AnandTech Storage Bench - Light

Our Light storage test has relatively more sequential accesses and lower queue depths than The Destroyer or the Heavy test, and it's by far the shortest test overall. It's based largely on applications that aren't highly dependent on storage performance, so this is a test more of application launch times and file load times. This test can be seen as the sum of all the little delays in daily usage, but with the idle times trimmed to 25ms it takes less than half an hour to run. Details of the Light test can be found here. As with the ATSB Heavy test, this test is run with the drive both freshly erased and empty, and after filling the drive with sequential writes.

ATSB - Light (Data Rate)

Like the Intel 600p, the ADATA XPG GAMMIX S10 has a substantial performance advantage over all SATA SSDs on the Light test when the test is run on an empty drive. But when the drive is full, the GAMMIX S10 and Intel 600p both suffer more than most drives and fall to an average data rate that is lower than most mainstream SATA drives.

ATSB - Light (Average Latency)ATSB - Light (99th Percentile Latency)

The average and 99th percentile latency scores of the GAMMIX S10 on the Light test are clearly better than the Intel 600p, allowing the GAMMIX S10 to deliver latencies that are no worse than mainstream SATA SSDs even in the worst case of the test running on a full drive. On a freshly erased drive, the GAMMIX S10 offers average latency that is close to other NVMe drives, and the 99th percentile latency is on par with other budget NVMe SSDs.

ATSB - Light (Average Read Latency)ATSB - Light (Average Write Latency)

Average read and write latencies for the GAMMIX S10 on the Light test are poor by NVMe standards, but both are better than SATA SSDs when the drive is fresh, and no worse than mainstream SATA when the drive is full.

ATSB - Light (99th Percentile Read Latency)ATSB - Light (99th Percentile Write Latency)

The 99th percentile read latency performance of the GAMMIX S10 is fine for a low-end NVMe drive. On the write side of things the GAMMIX S10 does fine when freshly erased, but the 99th percentile jumps up by a factor of ten when the drive is full. This makes it worse at controlling latency outliers than any mainstream SATA SSD.

ATSB - Light (Power)

The energy usage of the GAMMIX S10 on the Light test is good compared to most other NVMe SSDs, though the energy usage is much higher when the drive is full. There's still a substantial gap between the energy usage of a typical SATA SSD and that of the GAMMIX S10 or a typical NVMe SSD.

AnandTech Storage Bench - Heavy Random Performance
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  • futrtrubl - Wednesday, October 25, 2017 - link

  • jabber - Wednesday, October 25, 2017 - link

    Why? You wouldn't notice if it could do 3500MBps either.
  • futrtrubl - Thursday, October 26, 2017 - link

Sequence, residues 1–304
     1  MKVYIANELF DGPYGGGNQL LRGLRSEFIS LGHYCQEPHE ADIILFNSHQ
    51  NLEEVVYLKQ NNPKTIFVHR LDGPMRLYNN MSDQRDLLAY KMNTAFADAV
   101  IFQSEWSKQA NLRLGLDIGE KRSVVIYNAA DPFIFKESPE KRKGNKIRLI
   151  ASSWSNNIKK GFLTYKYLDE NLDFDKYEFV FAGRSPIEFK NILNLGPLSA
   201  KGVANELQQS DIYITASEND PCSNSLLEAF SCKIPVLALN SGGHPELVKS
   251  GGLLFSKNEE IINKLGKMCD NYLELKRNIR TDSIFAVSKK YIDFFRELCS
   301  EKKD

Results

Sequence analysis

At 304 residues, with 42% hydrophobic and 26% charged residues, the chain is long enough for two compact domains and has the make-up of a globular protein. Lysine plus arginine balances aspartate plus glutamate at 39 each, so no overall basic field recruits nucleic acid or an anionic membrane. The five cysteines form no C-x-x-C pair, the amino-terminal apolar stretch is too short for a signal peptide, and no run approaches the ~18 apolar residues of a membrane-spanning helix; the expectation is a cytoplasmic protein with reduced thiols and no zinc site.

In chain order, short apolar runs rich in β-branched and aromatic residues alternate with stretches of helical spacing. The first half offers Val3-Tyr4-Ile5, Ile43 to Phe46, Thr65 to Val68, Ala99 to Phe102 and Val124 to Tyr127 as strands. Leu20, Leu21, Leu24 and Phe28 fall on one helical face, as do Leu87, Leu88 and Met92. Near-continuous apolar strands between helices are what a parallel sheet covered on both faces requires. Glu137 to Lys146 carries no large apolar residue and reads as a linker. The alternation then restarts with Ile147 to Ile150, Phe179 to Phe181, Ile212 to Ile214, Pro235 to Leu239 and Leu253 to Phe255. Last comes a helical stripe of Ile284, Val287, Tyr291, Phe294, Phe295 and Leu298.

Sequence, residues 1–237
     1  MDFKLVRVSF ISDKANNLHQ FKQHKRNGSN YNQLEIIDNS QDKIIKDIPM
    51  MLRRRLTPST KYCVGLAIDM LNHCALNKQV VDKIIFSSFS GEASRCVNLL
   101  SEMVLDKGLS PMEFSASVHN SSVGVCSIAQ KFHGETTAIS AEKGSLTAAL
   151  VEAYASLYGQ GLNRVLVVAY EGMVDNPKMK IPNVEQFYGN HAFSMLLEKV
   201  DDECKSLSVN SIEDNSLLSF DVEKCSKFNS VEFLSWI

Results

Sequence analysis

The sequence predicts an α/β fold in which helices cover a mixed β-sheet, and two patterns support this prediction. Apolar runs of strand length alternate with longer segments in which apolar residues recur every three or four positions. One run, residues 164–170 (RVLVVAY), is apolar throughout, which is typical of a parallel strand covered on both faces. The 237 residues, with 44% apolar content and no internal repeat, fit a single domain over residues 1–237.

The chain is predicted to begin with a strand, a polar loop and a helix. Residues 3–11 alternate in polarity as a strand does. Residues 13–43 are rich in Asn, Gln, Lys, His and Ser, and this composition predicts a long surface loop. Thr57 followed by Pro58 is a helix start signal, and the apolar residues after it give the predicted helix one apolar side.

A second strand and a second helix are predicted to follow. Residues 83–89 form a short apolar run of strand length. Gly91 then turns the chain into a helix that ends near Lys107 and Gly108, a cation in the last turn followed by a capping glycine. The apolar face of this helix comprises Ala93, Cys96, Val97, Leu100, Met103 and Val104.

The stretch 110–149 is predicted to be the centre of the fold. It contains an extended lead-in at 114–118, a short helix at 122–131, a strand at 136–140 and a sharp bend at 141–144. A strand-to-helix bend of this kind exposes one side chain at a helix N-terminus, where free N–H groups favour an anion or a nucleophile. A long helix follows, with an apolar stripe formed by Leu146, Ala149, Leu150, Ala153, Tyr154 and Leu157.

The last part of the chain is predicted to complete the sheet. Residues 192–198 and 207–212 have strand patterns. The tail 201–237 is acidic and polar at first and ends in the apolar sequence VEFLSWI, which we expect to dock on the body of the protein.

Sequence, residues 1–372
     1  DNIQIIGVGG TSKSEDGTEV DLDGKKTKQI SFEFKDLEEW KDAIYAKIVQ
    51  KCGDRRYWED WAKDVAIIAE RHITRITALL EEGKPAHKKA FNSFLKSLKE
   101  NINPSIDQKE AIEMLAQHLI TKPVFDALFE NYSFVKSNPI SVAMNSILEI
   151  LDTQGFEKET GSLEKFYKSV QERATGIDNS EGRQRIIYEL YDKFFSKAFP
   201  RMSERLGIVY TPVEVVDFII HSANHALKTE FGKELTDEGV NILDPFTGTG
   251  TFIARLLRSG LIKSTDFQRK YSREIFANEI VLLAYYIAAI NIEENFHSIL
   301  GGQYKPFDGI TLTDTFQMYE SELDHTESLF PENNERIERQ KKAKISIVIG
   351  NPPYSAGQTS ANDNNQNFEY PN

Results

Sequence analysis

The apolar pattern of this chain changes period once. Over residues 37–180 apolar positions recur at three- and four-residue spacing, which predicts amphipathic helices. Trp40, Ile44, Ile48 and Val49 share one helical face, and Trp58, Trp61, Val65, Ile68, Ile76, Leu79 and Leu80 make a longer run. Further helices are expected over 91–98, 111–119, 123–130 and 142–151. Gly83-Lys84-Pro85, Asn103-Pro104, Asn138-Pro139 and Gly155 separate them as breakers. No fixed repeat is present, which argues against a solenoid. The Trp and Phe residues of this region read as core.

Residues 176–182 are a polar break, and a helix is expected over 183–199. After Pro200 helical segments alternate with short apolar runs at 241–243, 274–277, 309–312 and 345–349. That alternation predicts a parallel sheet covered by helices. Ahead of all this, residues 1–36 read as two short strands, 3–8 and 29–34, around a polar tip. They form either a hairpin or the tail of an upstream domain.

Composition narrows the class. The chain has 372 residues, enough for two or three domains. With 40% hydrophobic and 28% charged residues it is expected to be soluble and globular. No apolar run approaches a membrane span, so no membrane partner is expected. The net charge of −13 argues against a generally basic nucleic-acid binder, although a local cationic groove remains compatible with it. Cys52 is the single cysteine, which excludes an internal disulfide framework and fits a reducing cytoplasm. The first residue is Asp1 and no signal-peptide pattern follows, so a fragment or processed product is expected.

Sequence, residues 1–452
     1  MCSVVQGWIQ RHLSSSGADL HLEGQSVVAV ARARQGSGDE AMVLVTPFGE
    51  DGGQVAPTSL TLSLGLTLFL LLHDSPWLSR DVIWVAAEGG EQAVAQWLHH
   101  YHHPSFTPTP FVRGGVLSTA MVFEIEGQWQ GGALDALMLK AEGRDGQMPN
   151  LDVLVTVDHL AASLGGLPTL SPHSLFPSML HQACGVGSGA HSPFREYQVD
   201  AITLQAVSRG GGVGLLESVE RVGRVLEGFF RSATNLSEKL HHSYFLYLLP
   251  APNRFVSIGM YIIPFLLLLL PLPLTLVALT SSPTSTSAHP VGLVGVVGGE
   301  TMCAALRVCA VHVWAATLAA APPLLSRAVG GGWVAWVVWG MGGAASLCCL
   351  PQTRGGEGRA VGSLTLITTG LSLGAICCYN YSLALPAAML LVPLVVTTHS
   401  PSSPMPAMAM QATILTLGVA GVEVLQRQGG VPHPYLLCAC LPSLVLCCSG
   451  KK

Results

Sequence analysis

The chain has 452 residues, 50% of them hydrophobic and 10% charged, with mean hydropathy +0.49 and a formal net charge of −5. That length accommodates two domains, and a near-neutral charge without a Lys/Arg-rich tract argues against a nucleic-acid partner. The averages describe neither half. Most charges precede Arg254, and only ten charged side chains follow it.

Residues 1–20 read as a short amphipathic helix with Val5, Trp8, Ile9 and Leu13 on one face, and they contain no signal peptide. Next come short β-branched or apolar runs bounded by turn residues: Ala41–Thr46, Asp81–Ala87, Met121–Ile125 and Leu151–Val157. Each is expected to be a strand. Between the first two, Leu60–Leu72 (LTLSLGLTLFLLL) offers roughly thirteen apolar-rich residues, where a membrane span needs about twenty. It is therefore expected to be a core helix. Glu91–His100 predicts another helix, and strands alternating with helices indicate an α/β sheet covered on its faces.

Because it does less but costs more. What isn't disappointing about that?
  • jabber - Thursday, October 26, 2017 - link

    Yeah but it looks much fancier so to the average Joe that's worth another $30! It's a strategy that Apple has used and been praised for for decades. Performance means nothing to the computing masses. It's just those of us on IT forums that care.
  • FullmetalTitan - Thursday, October 26, 2017 - link

    No "average Joe" is even looking at NVMe SSDs.
    This costs double the price of a GOOD SATA SSD, and frequently fails to even meet that performance level.
  • jabber - Thursday, October 26, 2017 - link

    You'd be amazed at what I see 'Average Joe's buy. Shocking at times.

    "Why did you buy...that?"
  • ddriver - Wednesday, October 25, 2017 - link

    That's some pristine engineering idiocy right there, having the heatsink make contact with only a small part of the chip area deliberately.
  • ddriver - Wednesday, October 25, 2017 - link

    "GAMMIX" - more like "gimmix" LOL
  • rrinker - Wednesday, October 25, 2017 - link

    I saw that skipped right to the conclusion for the (predicted) disappointing results. If they screw up the engineering for the sake of appearance like that, I was sure the rest of it would be disappointing as well.
  • ddriver - Wednesday, October 25, 2017 - link

    The thing is that the heatsink is protruding between the adhesive pads, so it presumably makes contact with the chip, however without any thermal interface material it is likely that the heatsink severs to insulate and worsen thermal performance than to improve it.

    Probably it is a mix of both, yielding somewhere between barely improving to barely "detrimenting" thermal performance, making it mostly a pointless gimmick.

    Like everyone else, ADATA is well aware how low average consumer IQ is, thus attempting to make this fly.

    On the bright side of things, adding some thermal paste would easily make the cooling solution functional. Although I doubt the product performance will get any less pathetic because of that. They didn't put that heatsink there because it is throttling as a side-effect of being very fast. They put it as a cosmetic feature, that much is evident from the clumsy implementation.

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